Who doesn’t love getting a new car? On the other hand, the research process can be a hassle—which is why good advice is so important. But ultimately, you’re the judge on which car will best suit you, and that’s why the test drive is one of the most important aspects of buying a car.
Unless you know exactly which year, model, color and option package you want on your next car, you’ll be test driving at least a few before you plunk down your hard-earned cash, and even then, you might want to compare a couple of examples of the same car. But what should you do to maximize those test drives? This simple list of five key things to do during your drive will help you to do just that.
Maybe you were that kid in class who was always prepared, had all your notebooks in order, and had always done your homework. Sat in the front row. Had all the answers. Or maybe you’re not. Either way, you’ll want to take notes of your test drives. Why? Because the impressions you collect in the moment can be fleeting, and your memory can selectively forget niggling little problems that will, over time, come to spoil your future ownership. But if you take thorough notes on your thoughts right after each test drive, you’ll have a good basis to compare your feelings and thoughts when it comes time to make a decision.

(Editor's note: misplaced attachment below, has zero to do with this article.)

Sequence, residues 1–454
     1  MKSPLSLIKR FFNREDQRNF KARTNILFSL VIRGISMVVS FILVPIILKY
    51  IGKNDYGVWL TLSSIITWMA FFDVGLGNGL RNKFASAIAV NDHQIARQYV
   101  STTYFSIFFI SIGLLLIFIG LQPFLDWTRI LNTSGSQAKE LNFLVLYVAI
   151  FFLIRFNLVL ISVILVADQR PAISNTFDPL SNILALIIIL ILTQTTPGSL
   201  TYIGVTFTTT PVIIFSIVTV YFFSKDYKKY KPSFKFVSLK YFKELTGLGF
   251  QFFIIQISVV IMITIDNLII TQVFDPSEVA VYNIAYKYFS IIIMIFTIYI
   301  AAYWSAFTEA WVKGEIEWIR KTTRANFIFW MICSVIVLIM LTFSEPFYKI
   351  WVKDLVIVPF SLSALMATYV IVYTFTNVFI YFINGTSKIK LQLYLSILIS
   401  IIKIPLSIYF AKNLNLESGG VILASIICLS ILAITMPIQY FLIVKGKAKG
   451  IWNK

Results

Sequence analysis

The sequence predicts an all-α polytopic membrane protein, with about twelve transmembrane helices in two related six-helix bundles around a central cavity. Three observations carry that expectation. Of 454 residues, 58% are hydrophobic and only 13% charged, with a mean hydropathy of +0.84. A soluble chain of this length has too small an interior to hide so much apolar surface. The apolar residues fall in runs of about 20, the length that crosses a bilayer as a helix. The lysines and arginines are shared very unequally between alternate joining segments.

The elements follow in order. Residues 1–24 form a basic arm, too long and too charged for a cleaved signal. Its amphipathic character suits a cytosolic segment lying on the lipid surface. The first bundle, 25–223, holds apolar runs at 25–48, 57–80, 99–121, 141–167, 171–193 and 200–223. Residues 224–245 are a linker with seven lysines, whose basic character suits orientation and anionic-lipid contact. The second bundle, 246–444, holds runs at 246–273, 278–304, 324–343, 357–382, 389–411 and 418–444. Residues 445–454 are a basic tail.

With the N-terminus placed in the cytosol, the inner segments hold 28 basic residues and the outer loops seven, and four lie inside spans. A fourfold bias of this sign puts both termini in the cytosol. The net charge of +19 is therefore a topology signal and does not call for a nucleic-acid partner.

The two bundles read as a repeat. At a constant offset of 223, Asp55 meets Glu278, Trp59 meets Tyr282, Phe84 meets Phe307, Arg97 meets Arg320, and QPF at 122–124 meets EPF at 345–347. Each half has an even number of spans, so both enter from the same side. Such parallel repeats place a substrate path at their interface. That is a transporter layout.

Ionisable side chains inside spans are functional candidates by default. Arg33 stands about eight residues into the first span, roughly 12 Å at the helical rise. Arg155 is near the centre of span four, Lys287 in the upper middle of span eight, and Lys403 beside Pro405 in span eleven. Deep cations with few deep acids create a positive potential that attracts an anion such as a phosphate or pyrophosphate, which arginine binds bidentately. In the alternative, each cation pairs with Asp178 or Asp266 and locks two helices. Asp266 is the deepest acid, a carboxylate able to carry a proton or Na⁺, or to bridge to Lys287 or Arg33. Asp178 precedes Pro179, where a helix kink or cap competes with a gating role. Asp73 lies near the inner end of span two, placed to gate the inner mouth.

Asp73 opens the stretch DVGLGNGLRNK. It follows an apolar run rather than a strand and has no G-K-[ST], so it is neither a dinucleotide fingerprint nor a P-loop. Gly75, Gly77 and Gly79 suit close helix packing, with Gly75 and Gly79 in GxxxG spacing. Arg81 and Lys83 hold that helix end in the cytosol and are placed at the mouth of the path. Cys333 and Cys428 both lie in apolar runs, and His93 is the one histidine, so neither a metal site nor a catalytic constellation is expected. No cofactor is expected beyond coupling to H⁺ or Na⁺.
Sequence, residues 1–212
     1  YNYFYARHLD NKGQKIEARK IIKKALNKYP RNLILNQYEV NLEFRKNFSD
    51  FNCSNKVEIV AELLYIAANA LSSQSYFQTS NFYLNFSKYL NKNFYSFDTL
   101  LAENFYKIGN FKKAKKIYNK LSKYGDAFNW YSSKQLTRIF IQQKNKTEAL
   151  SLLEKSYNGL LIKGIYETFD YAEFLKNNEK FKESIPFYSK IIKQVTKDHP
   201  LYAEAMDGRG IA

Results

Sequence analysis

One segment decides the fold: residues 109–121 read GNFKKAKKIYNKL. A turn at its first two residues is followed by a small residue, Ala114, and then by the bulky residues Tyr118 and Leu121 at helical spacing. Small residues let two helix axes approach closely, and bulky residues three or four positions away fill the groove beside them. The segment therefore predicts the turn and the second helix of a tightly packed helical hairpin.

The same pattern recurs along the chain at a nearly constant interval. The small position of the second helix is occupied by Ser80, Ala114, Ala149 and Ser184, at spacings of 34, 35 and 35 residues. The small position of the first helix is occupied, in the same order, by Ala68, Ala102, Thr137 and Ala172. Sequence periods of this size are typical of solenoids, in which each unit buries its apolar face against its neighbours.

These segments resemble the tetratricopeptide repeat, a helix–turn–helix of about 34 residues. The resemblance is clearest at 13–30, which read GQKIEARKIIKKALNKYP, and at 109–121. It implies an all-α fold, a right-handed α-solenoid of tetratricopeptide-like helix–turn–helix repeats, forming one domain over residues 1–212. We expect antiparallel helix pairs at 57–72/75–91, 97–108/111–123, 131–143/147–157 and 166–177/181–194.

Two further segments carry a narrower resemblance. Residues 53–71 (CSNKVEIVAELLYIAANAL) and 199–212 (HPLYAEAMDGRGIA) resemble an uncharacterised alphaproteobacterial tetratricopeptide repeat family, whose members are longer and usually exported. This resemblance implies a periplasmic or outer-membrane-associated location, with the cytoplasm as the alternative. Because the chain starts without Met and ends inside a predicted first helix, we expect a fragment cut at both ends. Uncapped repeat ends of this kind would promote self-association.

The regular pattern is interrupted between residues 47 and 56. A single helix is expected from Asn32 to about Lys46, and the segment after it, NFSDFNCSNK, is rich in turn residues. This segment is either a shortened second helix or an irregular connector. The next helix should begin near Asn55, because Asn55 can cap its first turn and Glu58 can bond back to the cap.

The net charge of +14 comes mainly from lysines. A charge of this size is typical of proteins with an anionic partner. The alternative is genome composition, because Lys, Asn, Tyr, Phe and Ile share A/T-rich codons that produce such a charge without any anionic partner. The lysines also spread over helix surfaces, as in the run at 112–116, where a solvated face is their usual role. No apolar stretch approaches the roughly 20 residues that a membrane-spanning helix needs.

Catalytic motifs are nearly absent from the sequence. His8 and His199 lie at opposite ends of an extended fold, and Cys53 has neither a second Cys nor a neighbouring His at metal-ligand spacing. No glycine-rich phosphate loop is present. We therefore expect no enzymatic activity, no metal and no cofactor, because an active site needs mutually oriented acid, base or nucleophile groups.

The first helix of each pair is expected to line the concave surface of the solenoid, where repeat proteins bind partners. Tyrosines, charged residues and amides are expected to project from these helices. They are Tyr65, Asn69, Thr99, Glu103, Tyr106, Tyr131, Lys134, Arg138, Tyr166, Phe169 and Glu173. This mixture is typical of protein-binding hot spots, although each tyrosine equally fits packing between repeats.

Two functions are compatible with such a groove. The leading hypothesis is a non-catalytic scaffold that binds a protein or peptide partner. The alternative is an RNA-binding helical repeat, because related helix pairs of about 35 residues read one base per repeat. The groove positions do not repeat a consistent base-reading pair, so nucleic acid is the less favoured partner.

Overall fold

Don’t let a salesperson force you into a too-short run around the block, or forbid the freeway—this is a major purchase, and you have every right to test it out as you’d really use it. That means you should spend some time in traffic, tool through the ‘burbs, hit the freeway (be sure to gun it on the on-ramp to see how it handles quick acceleration), and generally just use it like you’d normally use your car.
If you have key equipment that must fit in the car, or that will be traveling along with you frequently, bring it to the test drive and see how it works. This goes double if you have a baby seat or child seat—you’ll want to find the tie-down anchors (LATCH anchors) and be sure the seat fits in your desired orientation and in a place that’s easily accessible and suits your needs. If you haul the kids to soccer practice, bring the cooler, the balls, the shin guards—everything. And the kids, too. If you’re buying a pickup truck and intend to tow or haul with it frequently, see if you can arrange with the dealer to test those capabilities, too.
The stereo, Bluetooth, navigation, and all the other little electronic bits that contribute to your daily satisfaction with a car can be hard to test in a short period of time. It will all be unfamiliar and a bit clunky at first, but be sure to pair your phone (but don’t transfer your contacts!) and test the other equipment before you head out. You’ll learn the system in just a few days or weeks, but if it won’t do something you absolutely need or want, better to find out before you buy.
Poke around every nook and cranny, inside and out. Open every door, cubby, and storage compartment, look under the floor mats and seats, and be sure it all operates properly and is nice and clean. At the very least, you may be able to get the salesperson to knock a few bucks off the price—or you may uncover some deal breakers.
This handful of tips will go a long way toward getting the most out of your time with each car you test drive. And once you narrow down the field, don’t forget to follow Instamotor’s other great advice, like getting a professional inspection to ensure everything under the surface is in good working order, too.
automotive freelance journalist
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